The scientists found that the system has a very short period, a mere 2.8 hours. In that time the companion star completes an orbit around the black hole. They also measured the mass of the black hole to be three times that of the Sun. 'That's a lower limit. In fact, the mass could be very much greater than that. Further observations during the period of quiescence would enable us to get a more accurate value,' Corral-Santana explains.

However, the most unusual find concerns the eclipses of the system. From images taken with various telescopes at the Teide and Roque de los Muchachos Observatories (the IAC-80, Liverpool, Mercator and INT), it was found that eclipses occurred in which the brightness of the system dropped by 30% in only seven seconds, and that they were repeated at longer intervals after a few days. 'It's the first time a phenomenon with these characteristics has been observed. None of the 50 known transitory X-ray binaries (18 with confirmed black holes and 32 candidates)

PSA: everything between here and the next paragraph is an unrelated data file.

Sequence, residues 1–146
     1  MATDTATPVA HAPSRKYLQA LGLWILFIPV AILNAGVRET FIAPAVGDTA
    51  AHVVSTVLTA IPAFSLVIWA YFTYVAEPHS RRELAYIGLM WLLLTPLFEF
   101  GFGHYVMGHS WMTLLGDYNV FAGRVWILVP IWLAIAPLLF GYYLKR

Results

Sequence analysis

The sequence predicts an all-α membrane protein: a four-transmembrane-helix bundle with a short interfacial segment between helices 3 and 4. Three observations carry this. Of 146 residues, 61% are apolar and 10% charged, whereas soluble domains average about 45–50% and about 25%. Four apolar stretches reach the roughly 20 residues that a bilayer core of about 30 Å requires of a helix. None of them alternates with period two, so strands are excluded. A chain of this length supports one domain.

produces eclipses by the companion star,' the IAC astrophysicist points out.

What could be causing the eclipses? The researchers are clear that they aren't produced by the companion star since these have orbital periods of 2.8 hours and the eclipses are produced every few minutes and are of extremely short duration. Corral-Santana further adds, 'The period in which the eclipses are repeated gets progressively longer each day. This fact suggests that the eclipses are produced by a vertical structure that is initially located close to the black hole and gradually moves outwards like a wave from the inner part of the accretion disc.

This discovery is closely linked with another: 'The simple fact of detecting the eclipses indicates that the system is viewed at a high inclination, even greater than 75 degrees. In effect, we're looking at it edge on,' says the scientist, who further describes the structure as, 'probably like a donut, with the black hole permanently hidden in the middle.'




New research sheds light on black hole growth